GR ADE CHANGES All grades submitted by the instructor and entered in the student records are final and will remain as reported in the student’s transcript. Exceptions shall only be allowed in the case of: (a) those recorded through mechanical error, or (b) through an error in the calculation of the grade by the instructor. In the latter case (b), the instructor must complete the Grade Change Request Form and submit it to the Academic Dean within the first week of the following quarter. 40


GR ADE APPEAL PROCESS Most grade appeals can and should be resolved by the student’s direct discussion and communication with the faculty member involved. A student appeal of a final grade must be formally initiated within three (3) months following the posting of the grade. If the three (3) month deadline has lapsed, the grade becomes permanent on the student’s transcripts. The following due process must be followed by students who wish to file a grade appeal: Step 1. The student shall meet with the faculty member involved in an attempt to resolve the complaint. Step 2. If the matter is not resolved at Step 1, the student shall submit a written appeal to the Academic Dean. The written appeal must specify the nature of the complaint and the relief the student is seeking. The Associate Academic Dean will then schedule a meeting with the student and the faculty member involved in an attempt to resolve the complaint. The Associate Academic Dean and faculty member involved will then communicate a decision in writing to the student. Step 3. If the matter is not resolved at Step 2, the student shall submit a written appeal outlining the nature of the complaint and the relief sought to the Academic Dean. Academic Dean will then schedule a meeting with the student to hear the student’s complaint. Academic Dean shall schedule a meeting with the student and the Hearing Committee consisting of the Academic Dean and three randomly selected full-time faculty members in order to hear the student’s complaint. The composition of the Hearing Committee shall be randomly determined by the Academic Dean on the basis of each individual student complaint; the committee will not function as a standing committee. Academic Dean will communicate the decision of the Hearing Committee in writing to the student. The decision of the Hearing Committee is final. The above 3-step process will be accomplished in a reasonable period of time not to extend beyond six (6) months from the occurrence of the incident. A student’s failure to comply with the steps above will nullify the complaint.

CREDIT EXAMINATION (CHALLENGE EXAMINATION) Undergraduate students in good standing and with the appropriate background may petition to take courses for credit by challenge examinations. Eligible students must be registered in full time status. Undergraduate students must have completed four undergraduate courses and may challenge a maximum of three undergraduate courses. Credit earned by challenge examinations may be applied toward the minimum course requirements for the undergraduate. The passing grade for credit by examination at the undergraduate level is C. Credits earned by challenge examinations will be recorded as “CR” in the transcript. If a student does not pass the challenge examination, “NC” will be entered in the transcript. Student will be charged the current challenge exam fee. Credit Examinations cannot be taken for 500 level courses and above. Students wishing to earn credit by taking a challenge exam must consult the Academic Dean.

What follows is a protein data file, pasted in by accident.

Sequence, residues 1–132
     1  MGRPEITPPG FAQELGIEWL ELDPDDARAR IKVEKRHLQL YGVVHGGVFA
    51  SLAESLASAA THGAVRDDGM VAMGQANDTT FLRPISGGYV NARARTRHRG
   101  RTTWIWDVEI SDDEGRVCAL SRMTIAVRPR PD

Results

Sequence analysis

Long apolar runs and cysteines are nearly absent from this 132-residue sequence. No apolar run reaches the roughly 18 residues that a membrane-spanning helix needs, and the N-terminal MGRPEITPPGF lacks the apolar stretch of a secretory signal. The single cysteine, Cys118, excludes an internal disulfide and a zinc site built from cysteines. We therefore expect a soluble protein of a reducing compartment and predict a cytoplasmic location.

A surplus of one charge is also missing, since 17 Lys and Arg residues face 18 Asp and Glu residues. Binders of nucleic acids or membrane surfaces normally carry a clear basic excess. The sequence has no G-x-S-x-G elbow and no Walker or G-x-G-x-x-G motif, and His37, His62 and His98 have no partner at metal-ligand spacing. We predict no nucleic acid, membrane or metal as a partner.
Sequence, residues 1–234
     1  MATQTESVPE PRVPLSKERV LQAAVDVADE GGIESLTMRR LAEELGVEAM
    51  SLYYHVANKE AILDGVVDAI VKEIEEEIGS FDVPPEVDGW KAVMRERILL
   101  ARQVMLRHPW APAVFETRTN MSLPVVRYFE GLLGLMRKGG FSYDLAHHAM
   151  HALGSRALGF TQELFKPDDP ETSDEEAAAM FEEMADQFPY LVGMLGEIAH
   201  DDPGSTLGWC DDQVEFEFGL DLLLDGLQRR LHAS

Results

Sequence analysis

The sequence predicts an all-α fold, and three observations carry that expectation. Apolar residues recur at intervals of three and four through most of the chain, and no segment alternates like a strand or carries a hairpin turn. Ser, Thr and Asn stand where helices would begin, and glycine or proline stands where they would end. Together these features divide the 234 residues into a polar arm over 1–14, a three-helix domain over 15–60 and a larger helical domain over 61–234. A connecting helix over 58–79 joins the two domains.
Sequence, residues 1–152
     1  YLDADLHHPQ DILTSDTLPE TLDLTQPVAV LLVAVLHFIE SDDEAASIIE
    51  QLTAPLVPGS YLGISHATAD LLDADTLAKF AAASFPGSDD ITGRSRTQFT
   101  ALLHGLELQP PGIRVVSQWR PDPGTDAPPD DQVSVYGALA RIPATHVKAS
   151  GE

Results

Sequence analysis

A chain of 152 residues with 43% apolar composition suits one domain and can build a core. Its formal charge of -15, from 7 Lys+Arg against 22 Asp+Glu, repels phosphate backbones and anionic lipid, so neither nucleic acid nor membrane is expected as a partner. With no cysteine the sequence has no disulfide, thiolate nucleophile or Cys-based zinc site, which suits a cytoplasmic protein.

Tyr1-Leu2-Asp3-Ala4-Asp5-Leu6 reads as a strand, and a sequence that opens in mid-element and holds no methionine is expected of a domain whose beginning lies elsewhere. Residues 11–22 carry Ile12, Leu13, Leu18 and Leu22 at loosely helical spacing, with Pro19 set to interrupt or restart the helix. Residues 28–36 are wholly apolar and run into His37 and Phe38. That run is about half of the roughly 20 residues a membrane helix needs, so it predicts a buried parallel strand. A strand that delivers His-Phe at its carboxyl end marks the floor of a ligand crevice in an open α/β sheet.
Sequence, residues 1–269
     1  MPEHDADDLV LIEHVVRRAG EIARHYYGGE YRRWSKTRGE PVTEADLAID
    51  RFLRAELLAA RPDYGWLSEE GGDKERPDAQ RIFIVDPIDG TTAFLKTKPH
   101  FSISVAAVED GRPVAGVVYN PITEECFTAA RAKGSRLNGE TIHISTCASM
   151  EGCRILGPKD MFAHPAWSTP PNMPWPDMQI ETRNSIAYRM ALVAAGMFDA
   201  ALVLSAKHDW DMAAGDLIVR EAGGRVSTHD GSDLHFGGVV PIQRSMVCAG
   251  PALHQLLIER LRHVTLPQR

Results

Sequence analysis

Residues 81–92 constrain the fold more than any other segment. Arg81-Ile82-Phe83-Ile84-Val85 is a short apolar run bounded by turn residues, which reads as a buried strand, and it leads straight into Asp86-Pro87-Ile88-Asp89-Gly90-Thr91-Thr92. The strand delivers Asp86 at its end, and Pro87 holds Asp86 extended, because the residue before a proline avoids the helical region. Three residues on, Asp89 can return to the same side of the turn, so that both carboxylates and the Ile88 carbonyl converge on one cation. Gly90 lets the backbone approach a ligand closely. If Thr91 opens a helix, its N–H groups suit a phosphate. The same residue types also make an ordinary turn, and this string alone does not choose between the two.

CREDIT BY ADVANCED PLACEMENT (AP) An applicant may receive credit for up to forty-four (44) credits earned in high school Advanced Placement courses. Completed courses are accepted credit-for-credit for equivalent courses at CALUMS if the student has earned a score of three (3) out of possible five(5). Evaluation and approval of credits shall be done by the Academic Dean.

GR ADE REPORT Final grades will be issued by the instructor at the end of each quarter. The Registrar shall prepare a final grade 41


report. In the absence of mistake, fraud or bad faith, the grades assigned by the instructor shall be final once they have been filed in the Office of the Registrar. Questions regarding final grades should be brought to the attention of the Registrar’s Office during the quarter immediately following the grade assignment.

STUDENT RECORDS Under the Family Educational Rights and Privacy Act of 1974, also known as the Buckley Amendment or FERPA, and California Education Code 67-100ff, all students have the right to inspect and review their educational records in accordance with provisions of the aforementioned act and within the University guidelines. Educational institutions shall not release educational records without written consent of the student, subject to exceptions provided by law. The student’s written consent is not required for the disclosure of grades, disciplinary action, or other information to parents of students who are dependents for federal tax purposes. Parents requesting information may generally be granted access upon submission of a signed statement to the University or other evidence of federal income tax dependency. At the discretion of CALUMS officials, the following directory information will be provided: student’s name, e-mail address, major field of study, dates of attendance, degrees and awards received, and students participating in officially recognized activities. A student wishing to withhold this directory information must complete the Privacy Request Form at CALUMS’s Registrar’s Office. This must be done within the first ten working days of the enrollment period of a quarter. The privacy request will be valid for one calendar year.